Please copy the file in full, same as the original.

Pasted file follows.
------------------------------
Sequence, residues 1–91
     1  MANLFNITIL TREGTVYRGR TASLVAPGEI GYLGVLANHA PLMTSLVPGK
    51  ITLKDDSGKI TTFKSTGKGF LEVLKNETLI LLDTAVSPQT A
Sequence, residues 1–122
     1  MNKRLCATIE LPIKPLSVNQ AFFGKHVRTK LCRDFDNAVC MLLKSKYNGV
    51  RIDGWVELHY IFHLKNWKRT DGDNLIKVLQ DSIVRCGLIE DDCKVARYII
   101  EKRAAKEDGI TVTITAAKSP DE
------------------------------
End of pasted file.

Sequence, residues 1–91
     1  MANLFNITIL TREGTVYRGR TASLVAPGEI GYLGVLANHA PLMTSLVPGK
    51  ITLKDDSGKI TTFKSTGKGF LEVLKNETLI LLDTAVSPQT A
Sequence, residues 1–122
     1  MNKRLCATIE LPIKPLSVNQ AFFGKHVRTK LCRDFDNAVC MLLKSKYNGV
    51  RIDGWVELHY IFHLKNWKRT DGDNLIKVLQ DSIVRCGLIE DDCKVARYII
   101  EKRAAKEDGI TVTITAAKSP DE